Waissbluth’s tale of two brothers majors on lost innocence as Silvio (Nester Cantillana) introduces younger sibling Victor (Juan Pablo Miranda) to a world of girls and guns where the lure of easy money leads to heartache.
Essentially, this is a modern day film noir, using bright lights and garish colours to create a fluorescent underworld where individuals have the power to determine the fate of others. Don Pascual (Alejandro Trejo) and his partner Gracia (Rios) are two such people – a crime lord and his long-suffering girlfriend – who both establish a relationship with Silvio. All work and no play do not come into the equation here as Silvio mixes crime with pleasure, running the risk of losing more than just his job. Victor also has emotional ties with Gracia; a situation that adds fuel to the fire when Pascual begins to smell the coffee.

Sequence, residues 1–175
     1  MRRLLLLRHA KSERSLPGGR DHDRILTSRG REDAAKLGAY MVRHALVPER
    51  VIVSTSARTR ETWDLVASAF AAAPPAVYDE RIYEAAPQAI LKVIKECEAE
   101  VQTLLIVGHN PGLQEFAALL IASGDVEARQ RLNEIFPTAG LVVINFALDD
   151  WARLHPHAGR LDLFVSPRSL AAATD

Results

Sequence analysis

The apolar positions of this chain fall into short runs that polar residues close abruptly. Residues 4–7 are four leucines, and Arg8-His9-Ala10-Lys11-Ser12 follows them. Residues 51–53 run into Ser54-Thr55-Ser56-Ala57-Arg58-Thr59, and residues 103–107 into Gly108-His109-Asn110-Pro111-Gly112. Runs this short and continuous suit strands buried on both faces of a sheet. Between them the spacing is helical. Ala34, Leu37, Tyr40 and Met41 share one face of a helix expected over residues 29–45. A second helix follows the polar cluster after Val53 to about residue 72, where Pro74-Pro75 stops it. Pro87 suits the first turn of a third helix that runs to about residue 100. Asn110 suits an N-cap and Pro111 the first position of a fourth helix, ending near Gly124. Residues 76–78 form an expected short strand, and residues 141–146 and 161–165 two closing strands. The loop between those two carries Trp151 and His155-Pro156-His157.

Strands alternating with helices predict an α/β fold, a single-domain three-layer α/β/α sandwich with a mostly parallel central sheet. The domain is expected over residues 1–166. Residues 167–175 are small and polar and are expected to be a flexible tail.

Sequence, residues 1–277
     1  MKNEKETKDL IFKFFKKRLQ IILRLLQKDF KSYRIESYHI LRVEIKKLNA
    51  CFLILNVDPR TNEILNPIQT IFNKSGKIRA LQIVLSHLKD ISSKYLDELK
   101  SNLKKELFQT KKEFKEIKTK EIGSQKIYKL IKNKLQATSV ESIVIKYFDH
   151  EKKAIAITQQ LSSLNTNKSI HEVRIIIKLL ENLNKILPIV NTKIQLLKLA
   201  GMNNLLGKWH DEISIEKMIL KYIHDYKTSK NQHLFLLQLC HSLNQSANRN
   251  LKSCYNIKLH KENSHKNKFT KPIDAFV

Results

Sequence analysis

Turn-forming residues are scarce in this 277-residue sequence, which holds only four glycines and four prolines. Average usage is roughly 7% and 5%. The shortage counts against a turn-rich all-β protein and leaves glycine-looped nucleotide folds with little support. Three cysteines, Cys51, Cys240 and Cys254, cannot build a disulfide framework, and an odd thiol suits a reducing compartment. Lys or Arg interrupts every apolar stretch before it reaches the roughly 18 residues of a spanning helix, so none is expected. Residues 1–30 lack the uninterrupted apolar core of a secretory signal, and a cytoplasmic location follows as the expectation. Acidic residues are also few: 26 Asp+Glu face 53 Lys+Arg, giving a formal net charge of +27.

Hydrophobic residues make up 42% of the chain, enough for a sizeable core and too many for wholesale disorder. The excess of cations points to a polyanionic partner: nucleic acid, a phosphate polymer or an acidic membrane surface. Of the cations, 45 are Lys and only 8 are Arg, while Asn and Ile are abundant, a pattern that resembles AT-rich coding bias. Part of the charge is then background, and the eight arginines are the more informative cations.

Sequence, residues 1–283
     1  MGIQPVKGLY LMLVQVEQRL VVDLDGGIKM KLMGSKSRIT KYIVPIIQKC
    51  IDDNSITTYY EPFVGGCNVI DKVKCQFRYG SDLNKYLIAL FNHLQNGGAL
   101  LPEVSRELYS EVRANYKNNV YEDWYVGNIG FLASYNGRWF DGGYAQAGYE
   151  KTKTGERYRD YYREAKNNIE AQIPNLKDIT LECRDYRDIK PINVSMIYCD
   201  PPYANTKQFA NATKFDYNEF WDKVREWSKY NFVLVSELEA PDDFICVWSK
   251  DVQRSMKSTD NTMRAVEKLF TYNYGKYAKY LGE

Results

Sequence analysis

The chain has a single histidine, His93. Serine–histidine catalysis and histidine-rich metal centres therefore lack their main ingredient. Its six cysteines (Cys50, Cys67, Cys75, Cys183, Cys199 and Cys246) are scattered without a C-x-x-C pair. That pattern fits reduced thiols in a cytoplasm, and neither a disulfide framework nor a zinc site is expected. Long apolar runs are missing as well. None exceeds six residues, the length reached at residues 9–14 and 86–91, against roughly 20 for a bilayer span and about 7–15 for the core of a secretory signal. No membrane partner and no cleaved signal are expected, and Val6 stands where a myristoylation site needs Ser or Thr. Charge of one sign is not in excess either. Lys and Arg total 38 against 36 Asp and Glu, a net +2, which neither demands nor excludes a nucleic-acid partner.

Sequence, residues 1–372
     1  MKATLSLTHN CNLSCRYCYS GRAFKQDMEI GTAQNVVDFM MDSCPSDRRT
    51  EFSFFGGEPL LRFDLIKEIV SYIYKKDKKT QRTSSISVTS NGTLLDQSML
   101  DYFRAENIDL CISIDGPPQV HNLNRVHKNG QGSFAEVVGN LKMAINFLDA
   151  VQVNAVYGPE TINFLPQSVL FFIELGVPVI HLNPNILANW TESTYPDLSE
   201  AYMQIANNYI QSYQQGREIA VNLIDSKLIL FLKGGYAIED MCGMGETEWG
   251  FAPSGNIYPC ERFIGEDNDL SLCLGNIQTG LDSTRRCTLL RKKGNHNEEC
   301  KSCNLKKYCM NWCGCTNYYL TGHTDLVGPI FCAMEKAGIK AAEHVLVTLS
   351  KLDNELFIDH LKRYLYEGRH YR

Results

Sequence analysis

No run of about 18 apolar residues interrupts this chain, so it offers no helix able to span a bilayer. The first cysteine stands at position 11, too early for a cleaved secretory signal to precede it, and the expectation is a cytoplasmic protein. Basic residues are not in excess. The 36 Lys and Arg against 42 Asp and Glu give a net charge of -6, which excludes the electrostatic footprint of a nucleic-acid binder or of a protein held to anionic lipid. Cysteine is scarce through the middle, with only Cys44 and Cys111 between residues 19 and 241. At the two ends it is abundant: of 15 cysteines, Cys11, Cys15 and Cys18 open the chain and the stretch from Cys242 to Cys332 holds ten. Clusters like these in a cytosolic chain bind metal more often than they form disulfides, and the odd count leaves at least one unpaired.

Although the eventual outcome is entirely predictable, you should still be rooted to your seat as Waissbluth’s storytelling technique ensures the 114 minute running time fair zips by, with several decent performances to engage your attention.
Revolver’s Region 2 DVD unveils a fine transfer, and also offers the option to play the enjoyable soundtrack. Extras are somewhat thin on the ground – there’s no audio commentary which is regrettable though understandable given the language barrier – but those who enjoyed this film will be delighted by the presence of a 15 minute making-of featurette. Here, Waissbluth discusses the problems associated with shooting a debut feature, and reveals the eventual three story plotline did not surface until the 9th of 12 screenplay drafts. He also talks about various influences: Kurowsawa’s Rashomon is the most obvious, and Tarantino, Marlon Brando, Elia Kazan, Martin Scorsese and François Truffaut’s The 400 Blows all get mentions as does David Lynch. The latter is particularly appropriate as Los Debutantes owes more to Blue Velvet than Pulp Fiction.